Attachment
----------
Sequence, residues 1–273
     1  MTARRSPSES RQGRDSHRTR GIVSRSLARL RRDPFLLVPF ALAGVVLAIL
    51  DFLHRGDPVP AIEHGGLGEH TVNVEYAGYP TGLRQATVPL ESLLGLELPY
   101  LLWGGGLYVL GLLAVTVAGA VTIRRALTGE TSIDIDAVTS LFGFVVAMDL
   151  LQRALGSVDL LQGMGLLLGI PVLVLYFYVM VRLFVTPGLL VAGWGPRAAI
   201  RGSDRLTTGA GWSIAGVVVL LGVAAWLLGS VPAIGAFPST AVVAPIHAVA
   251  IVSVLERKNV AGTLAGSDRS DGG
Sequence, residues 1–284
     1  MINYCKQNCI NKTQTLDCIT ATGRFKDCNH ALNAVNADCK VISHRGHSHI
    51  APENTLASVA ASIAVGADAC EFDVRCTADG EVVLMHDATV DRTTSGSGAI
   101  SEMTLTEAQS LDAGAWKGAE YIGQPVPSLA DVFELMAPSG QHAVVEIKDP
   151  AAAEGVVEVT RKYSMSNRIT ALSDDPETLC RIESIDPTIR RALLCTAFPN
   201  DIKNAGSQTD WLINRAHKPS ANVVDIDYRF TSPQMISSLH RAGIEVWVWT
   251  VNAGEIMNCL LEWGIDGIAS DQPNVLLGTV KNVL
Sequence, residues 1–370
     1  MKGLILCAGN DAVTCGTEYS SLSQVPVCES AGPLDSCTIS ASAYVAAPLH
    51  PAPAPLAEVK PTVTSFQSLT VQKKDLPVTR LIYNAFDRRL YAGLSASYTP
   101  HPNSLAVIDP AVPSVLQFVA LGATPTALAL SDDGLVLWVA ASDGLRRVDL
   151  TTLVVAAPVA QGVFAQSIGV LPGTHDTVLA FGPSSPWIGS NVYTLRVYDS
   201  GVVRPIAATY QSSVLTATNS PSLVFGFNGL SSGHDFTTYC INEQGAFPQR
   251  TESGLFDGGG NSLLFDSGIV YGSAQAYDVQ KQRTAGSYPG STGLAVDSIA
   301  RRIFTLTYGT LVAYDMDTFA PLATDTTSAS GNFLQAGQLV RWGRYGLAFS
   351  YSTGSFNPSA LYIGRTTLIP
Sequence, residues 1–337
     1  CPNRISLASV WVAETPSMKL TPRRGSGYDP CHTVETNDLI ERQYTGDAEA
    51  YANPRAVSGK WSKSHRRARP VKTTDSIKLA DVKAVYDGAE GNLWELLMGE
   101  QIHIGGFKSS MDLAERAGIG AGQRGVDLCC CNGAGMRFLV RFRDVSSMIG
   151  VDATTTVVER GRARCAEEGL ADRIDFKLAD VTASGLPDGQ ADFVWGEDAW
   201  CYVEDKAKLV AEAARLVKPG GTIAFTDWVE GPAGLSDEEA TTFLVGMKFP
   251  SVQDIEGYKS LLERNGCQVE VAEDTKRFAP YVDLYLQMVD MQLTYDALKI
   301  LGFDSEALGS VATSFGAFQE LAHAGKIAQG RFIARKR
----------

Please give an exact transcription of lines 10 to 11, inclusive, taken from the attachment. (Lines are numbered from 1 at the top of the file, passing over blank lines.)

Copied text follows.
    51  APENTLASVA ASIAVGADAC EFDVRCTADG EVVLMHDATV DRTTSGSGAI
   101  SEMTLTEAQS LDAGAWKGAE YIGQPVPSLA DVFELMAPSG QHAVVEIKDP